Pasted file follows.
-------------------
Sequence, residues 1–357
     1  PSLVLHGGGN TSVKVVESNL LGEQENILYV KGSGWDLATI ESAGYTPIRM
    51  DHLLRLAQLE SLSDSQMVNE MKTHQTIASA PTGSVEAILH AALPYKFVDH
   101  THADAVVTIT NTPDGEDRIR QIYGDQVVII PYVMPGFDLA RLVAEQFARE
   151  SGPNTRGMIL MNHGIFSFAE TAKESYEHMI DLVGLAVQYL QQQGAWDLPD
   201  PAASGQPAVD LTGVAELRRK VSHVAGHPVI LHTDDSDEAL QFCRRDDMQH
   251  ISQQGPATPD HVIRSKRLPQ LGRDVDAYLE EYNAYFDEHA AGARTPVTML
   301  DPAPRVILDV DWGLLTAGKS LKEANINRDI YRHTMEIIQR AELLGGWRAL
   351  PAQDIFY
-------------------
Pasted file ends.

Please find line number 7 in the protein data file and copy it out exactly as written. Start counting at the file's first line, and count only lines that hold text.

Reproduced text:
   251  ISQQGPATPD HVIRSKRLPQ LGRDVDAYLE EYNAYFDEHA AGARTPVTML